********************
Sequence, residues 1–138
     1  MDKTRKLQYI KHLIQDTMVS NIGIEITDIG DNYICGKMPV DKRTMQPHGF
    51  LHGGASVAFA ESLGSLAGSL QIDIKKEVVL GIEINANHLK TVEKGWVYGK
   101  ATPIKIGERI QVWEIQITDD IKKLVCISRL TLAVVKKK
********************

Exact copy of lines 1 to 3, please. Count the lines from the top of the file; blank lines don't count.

Sequence, residues 1–138
     1  MDKTRKLQYI KHLIQDTMVS NIGIEITDIG DNYICGKMPV DKRTMQPHGF
    51  LHGGASVAFA ESLGSLAGSL QIDIKKEVVL GIEINANHLK TVEKGWVYGK